Ros Schwartz: ‘Bibliodiversity’ and the rise of translation
Ros Schwartz, outgoing chair of English PEN’s Writers in Translation committee, reviews a decade of great work in translation and looks forward to even more ‘bibliodiversity’
Funded by Bloomberg and launched in 2004, PEN’s Writers in Translation programme has supported the promotion of 82 translated books from over 20 languages – from Albanian and Burmese to Tamil and Turkmen. The coveted ‘Winner of a PEN Award’ stamp has become a byword for quality, and translation prize shortlists are studded with PEN-selected titles. Thanks to the success of this programme, in 2012 the Arts Council of England invited English PEN to apply for further funding. Our bid was successful and PEN Translates, a new programme supporting translation costs, was born. We are about to embark on the fourth round of this grant, and once more we are impressed by the diversity and quality of the applications.
So while the past decade has been one of doom and gloom for publishing in general, it has seen the publication of a growing volume of superb international literature, with the overall proportion of translated books reported to have risen from 3% to 4.5%.
Things have changed at the coalface too. Recent years have witnessed the emergence of a strong and vibrant translation community with the main professional organisations – the British Centre for Literary Translation, English PEN, Literature Across Frontiers, and a reinvigorated Translators Association – all working closely together. The Free Word Centre, which opened in 2009 and hosted the first International Translation Day, has become a real hub, particularly since the introduction of its translator residencies.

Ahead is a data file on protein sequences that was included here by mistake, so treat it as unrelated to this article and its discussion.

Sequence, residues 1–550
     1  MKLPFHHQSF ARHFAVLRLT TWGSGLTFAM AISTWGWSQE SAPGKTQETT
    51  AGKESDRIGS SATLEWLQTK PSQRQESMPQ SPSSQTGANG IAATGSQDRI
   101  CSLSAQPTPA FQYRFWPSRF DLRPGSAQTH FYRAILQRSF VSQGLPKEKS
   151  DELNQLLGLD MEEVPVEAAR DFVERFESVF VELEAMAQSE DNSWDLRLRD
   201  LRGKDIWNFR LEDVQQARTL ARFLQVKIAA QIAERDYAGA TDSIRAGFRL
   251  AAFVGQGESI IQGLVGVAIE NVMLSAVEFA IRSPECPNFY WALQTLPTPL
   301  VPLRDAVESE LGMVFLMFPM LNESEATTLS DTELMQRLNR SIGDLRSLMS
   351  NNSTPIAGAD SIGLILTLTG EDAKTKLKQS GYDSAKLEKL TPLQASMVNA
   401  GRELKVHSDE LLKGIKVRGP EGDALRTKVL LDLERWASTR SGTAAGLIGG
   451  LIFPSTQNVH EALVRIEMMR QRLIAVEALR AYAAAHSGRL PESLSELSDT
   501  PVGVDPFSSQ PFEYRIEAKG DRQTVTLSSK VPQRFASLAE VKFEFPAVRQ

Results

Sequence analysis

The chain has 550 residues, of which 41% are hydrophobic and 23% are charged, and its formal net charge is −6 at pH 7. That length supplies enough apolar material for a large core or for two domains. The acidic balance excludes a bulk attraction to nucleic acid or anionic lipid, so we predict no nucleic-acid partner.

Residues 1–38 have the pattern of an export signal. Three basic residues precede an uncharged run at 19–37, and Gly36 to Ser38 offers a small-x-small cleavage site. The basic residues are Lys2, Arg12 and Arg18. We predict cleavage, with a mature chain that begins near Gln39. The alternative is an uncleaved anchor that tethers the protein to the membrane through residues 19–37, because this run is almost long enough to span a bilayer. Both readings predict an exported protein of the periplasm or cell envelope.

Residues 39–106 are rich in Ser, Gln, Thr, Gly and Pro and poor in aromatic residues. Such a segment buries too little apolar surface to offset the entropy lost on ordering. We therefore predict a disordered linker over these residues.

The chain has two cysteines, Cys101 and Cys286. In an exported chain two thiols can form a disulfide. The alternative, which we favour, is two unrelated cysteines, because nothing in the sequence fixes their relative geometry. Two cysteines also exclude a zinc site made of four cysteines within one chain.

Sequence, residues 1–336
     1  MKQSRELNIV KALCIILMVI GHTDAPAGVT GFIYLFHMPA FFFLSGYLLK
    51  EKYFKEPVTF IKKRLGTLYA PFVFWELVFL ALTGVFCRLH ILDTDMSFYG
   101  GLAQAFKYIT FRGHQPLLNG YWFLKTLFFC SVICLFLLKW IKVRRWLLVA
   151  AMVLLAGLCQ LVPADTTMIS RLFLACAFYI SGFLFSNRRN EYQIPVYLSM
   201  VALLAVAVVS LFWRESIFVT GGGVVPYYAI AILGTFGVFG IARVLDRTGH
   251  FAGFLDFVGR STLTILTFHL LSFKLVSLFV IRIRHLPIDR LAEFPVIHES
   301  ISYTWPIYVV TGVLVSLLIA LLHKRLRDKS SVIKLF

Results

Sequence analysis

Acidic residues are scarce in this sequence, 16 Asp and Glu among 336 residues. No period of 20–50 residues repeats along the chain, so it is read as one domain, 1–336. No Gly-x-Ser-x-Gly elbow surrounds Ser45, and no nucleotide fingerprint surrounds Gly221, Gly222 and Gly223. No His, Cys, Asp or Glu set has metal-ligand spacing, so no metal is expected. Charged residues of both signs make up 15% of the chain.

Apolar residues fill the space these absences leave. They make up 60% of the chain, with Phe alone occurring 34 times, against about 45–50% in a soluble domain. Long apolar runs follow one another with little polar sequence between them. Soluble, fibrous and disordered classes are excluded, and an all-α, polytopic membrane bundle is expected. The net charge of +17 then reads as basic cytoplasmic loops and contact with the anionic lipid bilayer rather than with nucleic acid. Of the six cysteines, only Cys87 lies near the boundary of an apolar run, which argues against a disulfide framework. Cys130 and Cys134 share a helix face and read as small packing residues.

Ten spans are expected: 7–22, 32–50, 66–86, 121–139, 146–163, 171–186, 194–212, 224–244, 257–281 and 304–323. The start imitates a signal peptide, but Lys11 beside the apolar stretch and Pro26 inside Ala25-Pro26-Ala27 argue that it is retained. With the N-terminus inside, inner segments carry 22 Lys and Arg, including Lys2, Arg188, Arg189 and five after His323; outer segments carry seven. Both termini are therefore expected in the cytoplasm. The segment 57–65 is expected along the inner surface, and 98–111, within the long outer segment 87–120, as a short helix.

As well as instigating peer training initiatives – the BCLT summer school, London summer schools at Birkbeck University and City University, workshops at the Society of Authors and the expanding mentoring scheme spearheaded by the BCLT and funded by the Gulbenkian Foundation – the translation profession is involved in partnerships with a host of national organisations including the Arts Council of England, the British Council, the British Library, book festivals, libraries and reading groups, the London Review of Books with its translation master classes, the South Bank Centre, the European Literature Network and the Eastside Educational and Stephen Spender Trust with Translation Nation putting translators in schools, and now Foyles.
Translators are increasingly active and visible, and translation events have become crowd-pullers: the translation strand at the Edinburgh Book Festival programme now sells over 800 tickets.
At the London Book Fair, the Literary Translation Centre, launched in 2010, has become a major draw, garnering huge audiences, along with the PEN Literary Salon which also turns the spotlight on international writers.
Today there is an influx of emerging translators bringing fresh energy and ideas to the scene, encouraged by the BCLT’s mentoring programme, the Harvill Secker Young Translators prize, now in its fifth year, the Free Word Centre’s Translators in Residence programme, and International Translation Day itself, also in its fifth year, which attracts newcomers to the profession. And the Emerging Translators Network, started by one of the first Free Word Centre Translators in Residence, Rosalind Harvey, brings together and nurtures this new talent.